According to the Ontario Stroke Network, stroke is the leading cause of adult disability in Canada and the third leading cause of death in humans – but do strokes affect companion animals and what are the signs and causes of stroke in pets?
“Strokes appear to be less common in pets, but because their consequences can be fatal, it is important to detect at-risk patients and treat them preemptively,” says OVC Internal Medicine Resident Dr. Sophie Saati. A stroke happens when a blood clot forms in a blood vessel, cutting off blood flow in the brain. Abnormal blood clot formation in pets appears to happen more commonly in other parts of the body, such as the lungs, heart and kidneys. “Depending where the blood clot occurs, clinical signs will differ. For example, neurological deficits if it happens in the brain, and difficulty breathing if it happens in the lungs,” Saati explains.
Abnormal blood clot formation can be common with certain diseases. “Conditions that can be associated with this include cancer, heart diseases, autoimmune diseases, endocrine diseases (hormone disorders) and some types of kidney and intestinal diseases.”
While the appearance
of abnormal clotting in pets varies widely, some diseases, such as immune-mediated hemolytic anemia, a life-threatening disorder where a dog’s immune system destroys its red blood cells, have a high mortality rate (about 50 per cent) and up to 80 per cent of those deaths can be attributed to abnormal blood clot formation.
For this reason, Saati focused her graduate student clinical research at OVC on platelet function tests. Platelets, one component in the blood responsible in forming clots, have their action reduced by some blood thinners, which decreases the chance of blood clot formation and the risk of stroke.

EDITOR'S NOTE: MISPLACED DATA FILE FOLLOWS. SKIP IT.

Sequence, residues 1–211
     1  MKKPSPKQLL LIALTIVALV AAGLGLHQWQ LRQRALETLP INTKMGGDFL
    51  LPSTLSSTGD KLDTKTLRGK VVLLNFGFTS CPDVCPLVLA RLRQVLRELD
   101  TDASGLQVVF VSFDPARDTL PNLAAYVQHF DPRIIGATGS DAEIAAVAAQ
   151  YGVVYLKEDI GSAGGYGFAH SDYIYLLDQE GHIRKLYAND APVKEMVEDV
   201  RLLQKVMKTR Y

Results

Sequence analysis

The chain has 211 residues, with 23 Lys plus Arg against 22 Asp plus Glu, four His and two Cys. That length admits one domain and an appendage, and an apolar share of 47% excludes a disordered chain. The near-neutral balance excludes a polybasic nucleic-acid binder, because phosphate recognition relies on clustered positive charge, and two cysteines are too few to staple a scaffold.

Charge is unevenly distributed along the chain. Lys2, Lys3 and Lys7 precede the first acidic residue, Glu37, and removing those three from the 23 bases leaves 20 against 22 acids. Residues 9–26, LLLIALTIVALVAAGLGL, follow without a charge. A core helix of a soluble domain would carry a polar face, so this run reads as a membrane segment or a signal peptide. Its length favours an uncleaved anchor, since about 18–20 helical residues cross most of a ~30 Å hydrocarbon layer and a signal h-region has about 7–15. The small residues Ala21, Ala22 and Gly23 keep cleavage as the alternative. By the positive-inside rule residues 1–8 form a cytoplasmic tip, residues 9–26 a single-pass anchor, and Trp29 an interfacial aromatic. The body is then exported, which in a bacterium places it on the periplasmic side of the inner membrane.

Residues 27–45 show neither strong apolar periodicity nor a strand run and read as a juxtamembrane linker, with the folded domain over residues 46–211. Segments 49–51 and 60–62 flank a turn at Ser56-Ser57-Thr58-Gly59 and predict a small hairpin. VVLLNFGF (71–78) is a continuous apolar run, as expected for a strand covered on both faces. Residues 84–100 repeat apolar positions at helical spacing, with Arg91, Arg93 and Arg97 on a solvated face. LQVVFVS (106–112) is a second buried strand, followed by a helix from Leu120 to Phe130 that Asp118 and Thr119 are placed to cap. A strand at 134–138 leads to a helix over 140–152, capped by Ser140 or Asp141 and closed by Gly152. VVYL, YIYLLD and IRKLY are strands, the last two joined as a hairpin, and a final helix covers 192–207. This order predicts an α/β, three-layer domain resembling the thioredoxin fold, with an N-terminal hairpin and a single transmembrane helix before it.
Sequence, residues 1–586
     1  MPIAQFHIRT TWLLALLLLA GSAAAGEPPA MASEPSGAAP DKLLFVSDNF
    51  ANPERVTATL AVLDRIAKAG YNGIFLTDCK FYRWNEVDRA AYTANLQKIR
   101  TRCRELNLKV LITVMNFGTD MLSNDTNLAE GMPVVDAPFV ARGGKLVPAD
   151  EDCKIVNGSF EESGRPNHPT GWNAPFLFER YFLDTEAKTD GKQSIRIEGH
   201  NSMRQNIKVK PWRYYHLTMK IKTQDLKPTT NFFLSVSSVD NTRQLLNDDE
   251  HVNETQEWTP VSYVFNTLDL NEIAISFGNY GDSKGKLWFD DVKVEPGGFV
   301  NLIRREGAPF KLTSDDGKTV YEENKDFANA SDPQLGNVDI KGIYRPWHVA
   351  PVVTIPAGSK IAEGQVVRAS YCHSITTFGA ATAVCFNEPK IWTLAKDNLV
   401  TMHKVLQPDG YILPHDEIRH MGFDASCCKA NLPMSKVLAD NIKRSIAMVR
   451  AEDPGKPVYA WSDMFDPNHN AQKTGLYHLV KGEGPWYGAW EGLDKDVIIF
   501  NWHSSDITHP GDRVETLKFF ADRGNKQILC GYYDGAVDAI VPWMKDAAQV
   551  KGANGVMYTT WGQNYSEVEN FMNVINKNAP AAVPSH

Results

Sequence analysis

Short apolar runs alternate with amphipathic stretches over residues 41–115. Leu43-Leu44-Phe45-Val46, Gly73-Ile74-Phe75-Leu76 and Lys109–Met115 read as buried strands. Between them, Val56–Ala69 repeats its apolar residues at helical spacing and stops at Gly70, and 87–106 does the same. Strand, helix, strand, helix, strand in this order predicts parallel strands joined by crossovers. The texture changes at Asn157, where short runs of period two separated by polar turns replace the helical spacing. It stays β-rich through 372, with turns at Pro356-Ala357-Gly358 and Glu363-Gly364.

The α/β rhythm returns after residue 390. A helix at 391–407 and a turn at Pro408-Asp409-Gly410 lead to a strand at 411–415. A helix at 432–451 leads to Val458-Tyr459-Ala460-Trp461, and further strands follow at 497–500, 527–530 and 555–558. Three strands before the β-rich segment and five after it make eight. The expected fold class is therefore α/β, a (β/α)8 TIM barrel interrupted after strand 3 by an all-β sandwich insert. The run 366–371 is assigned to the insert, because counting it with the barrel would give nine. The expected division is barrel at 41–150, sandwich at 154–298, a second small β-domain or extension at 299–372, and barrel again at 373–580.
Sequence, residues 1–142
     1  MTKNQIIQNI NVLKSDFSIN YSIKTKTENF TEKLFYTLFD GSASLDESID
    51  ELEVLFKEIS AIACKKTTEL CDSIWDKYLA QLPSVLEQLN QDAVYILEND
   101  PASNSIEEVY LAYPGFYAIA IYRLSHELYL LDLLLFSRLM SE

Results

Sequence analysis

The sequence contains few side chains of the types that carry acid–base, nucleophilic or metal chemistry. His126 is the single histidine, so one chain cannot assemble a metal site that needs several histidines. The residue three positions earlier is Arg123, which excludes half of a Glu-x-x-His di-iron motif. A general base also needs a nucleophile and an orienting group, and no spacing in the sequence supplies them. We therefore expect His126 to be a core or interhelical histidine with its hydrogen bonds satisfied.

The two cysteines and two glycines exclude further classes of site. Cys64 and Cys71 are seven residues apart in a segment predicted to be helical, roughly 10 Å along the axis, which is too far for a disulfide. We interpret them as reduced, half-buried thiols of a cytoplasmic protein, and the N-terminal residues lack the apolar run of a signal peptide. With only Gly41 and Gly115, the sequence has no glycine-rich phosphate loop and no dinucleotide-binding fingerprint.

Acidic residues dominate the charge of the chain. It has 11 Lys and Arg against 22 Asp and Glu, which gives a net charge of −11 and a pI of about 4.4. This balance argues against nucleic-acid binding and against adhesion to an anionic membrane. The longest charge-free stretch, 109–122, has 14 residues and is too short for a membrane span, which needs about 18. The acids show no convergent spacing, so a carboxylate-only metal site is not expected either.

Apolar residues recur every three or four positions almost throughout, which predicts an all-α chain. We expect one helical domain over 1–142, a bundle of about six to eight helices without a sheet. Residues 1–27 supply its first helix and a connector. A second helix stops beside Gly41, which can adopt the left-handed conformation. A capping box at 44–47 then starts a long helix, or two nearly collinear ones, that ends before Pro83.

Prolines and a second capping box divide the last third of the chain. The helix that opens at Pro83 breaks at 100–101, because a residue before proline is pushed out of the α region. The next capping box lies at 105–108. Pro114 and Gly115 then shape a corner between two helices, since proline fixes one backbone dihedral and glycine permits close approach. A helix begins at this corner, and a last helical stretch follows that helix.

Saati’s study examined the effectiveness of a blood-thinning medication called clopidogrel, a common drug used to prevent blood clots in both veterinary and human medicine. Saati and her advisor Dr. Anthony Abrams-Ogg suspected that some dogs may be resistant to blood thinning medications, which may leave them vulnerable and more likely to suffer abnormal clotting if their medication isn’t working properly.
“Assessing platelet function in dogs receiving blood thinning therapy helps ensure that we know the medication is working and that it is reducing their risk of suffering a stroke and abnormal blood clotting in other organs,” says Abrams-Ogg. In the past, veterinarians working in general practices have had to refer patients to academic institutions such as OVC to access platelet function tests. Saati hopes the results of her study will help implement routine blood clot function monitoring in general veterinary practice.
“One of the platelet function tests that we investigated, Plateletworks, can be performed in general practices using materials that are readily available,” says Saati. “Ideally, our research findings will increase access and availability to preventive treatments and tests for effective blood thinner treatments when pets at-risk need it the most.”
Read more in Best Friends Magazine.